Extra wood and rocks can be placed outside the hugel for added side support.
Over time, hugels break down and take on the appearance of standard bermed beds.
Fall time is winter squash time. Whether you plan to make squash soup, a pie, or pasta, some varieties taste better than others. Here are some of the very best to seek at market and consider growing in the vegetable garden. Many are beautiful and all have outstanding flavor.
Red Kuri Kabocha Squash
Several of the varieties mentioned were bred outside of North America, but all winter squash originate from the New World. Species were first cultivated by Native Americans and developed over thousands of years. There are three primary culinary species known to cultivation—C. maxima, C. moschata, and C. pepo. True pumpkins and acorn squash are C. pepo, butternut squash are in C. moschata, and turban and kabocha squash are in C. maxima.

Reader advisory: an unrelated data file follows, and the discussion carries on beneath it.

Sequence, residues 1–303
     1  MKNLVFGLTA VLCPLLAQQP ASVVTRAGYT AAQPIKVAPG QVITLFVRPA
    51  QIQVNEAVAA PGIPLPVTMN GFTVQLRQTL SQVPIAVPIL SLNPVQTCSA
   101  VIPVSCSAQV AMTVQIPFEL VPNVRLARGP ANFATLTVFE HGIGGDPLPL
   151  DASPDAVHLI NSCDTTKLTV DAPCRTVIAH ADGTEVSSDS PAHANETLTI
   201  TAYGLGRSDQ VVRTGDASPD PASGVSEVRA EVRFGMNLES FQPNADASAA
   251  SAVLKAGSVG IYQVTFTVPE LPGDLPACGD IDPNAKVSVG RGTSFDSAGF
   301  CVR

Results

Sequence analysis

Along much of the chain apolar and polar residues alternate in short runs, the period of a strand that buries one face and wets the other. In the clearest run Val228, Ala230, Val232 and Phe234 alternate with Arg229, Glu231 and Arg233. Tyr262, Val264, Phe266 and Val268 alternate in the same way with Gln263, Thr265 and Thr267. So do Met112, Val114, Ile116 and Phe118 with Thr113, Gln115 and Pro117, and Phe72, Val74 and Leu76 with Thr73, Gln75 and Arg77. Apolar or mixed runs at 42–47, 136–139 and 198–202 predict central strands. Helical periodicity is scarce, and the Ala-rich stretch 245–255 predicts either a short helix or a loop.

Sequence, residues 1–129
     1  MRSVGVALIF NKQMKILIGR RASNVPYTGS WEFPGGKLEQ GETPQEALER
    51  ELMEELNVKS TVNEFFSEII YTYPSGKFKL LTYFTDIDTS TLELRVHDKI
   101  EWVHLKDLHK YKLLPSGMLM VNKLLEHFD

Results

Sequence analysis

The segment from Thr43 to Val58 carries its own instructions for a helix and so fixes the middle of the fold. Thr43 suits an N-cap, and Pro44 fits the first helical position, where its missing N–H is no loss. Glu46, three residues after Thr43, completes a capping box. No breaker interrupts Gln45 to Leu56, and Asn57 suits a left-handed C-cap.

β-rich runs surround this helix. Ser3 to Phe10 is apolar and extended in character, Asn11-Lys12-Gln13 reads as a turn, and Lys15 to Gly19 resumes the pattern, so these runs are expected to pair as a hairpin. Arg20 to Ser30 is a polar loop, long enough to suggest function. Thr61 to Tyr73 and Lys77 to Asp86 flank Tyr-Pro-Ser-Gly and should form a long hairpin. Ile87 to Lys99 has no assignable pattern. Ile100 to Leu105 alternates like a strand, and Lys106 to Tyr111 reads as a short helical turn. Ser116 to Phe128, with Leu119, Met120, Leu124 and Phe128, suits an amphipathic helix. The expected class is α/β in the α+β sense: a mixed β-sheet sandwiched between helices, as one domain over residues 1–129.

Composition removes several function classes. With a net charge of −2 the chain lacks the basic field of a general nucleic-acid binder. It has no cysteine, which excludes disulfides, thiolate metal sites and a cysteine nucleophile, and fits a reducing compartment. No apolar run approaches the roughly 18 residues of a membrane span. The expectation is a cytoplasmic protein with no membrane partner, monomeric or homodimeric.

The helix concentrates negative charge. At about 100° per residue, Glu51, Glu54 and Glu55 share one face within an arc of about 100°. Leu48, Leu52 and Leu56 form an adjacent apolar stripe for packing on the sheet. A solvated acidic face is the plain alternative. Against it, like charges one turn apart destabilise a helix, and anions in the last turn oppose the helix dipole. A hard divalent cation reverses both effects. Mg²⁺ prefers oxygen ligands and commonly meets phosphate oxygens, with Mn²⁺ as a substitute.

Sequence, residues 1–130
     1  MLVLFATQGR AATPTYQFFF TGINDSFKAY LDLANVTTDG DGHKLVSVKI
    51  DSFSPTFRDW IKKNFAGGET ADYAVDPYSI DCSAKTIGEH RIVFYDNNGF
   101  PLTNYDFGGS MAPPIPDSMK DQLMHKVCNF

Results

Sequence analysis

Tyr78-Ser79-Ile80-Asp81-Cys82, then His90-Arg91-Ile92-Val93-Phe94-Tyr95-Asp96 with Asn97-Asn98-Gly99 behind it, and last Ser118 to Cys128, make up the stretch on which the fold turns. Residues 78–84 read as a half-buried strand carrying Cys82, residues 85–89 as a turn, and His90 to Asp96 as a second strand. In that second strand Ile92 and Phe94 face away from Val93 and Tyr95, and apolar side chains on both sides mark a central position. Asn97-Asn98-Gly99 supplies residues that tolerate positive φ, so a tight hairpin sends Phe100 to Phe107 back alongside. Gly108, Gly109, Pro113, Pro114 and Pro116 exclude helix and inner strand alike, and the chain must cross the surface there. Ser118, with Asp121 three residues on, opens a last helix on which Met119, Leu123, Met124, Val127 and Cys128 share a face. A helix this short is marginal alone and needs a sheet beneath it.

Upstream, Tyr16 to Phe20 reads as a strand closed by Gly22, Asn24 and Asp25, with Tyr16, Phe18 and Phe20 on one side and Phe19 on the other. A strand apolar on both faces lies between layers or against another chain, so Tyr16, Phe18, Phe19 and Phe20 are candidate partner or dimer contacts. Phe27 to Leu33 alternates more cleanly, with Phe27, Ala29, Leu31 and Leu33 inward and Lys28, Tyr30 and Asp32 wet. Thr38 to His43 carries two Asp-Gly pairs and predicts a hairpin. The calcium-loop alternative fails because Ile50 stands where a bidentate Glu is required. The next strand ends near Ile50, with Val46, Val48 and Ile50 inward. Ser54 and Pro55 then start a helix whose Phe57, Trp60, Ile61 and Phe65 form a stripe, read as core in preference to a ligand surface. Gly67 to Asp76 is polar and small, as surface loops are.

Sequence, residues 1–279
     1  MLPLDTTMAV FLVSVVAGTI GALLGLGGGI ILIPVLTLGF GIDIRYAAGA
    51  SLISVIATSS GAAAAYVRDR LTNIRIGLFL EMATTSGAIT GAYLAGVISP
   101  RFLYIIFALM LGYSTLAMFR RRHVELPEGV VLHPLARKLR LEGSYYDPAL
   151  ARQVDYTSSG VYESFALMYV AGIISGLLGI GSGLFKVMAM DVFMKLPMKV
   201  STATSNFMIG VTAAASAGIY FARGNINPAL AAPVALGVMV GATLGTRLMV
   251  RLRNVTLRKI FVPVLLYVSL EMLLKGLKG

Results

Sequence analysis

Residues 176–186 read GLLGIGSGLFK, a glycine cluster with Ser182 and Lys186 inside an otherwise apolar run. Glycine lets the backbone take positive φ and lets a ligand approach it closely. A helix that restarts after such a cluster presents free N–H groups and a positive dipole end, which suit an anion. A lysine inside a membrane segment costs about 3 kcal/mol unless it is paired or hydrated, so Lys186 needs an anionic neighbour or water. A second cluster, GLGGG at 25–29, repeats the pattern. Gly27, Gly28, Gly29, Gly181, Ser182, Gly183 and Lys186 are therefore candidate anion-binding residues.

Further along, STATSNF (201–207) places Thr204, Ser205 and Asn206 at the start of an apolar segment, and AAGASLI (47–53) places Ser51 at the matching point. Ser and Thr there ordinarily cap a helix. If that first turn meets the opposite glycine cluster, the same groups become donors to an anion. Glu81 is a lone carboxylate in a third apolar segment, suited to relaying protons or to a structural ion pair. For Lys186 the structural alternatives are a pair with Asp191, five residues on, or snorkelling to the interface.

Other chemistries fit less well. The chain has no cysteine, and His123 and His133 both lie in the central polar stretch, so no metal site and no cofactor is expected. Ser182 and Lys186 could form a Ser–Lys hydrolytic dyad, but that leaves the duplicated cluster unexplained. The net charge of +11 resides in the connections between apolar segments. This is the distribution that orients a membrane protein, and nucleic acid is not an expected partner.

Across the board, the winter squash on this list rate at the top for flavor, according to countless formal and informal trials and reviews. Gardeners can be confident in choosing any one, if good taste is what they value in a squash. Most are also high performing in the garden.
Baby Pam Pie Pumpkin
Kabocha (C. maxima) are squat, orange, green or gray-green squash that originate from Japan. They have dense, dry flesh that is bright orange. Two of the more common, and nicest tasting are ‘Red Kuri’ (92-100 days) with its orange-red skinned fruits and smooth flesh that is less sweet but nicely flavored, and the gray-skinned ‘Winter Sweet’(95 days), which has dry, sweet flesh.
Winter Luxury Pumpkin
Acorn squash (C. pepo) are wonderfully sweet, deeply lobed, acorn-shaped, and great for roasting. The cream-, gold-, and dark-green-striped cultivar ‘Jester’ (95 days) is just as pretty as it is tasty. Another comparable variety with super sweetness is ‘Sweet Dumpling’ (90-100 days) with its smaller, squatter, ivory and green fruits, and honeyed orange flesh. A less sweet, but colorful, variety is the orange-, cream-, and dark-green-splashed ‘Festival’ (90-100 days).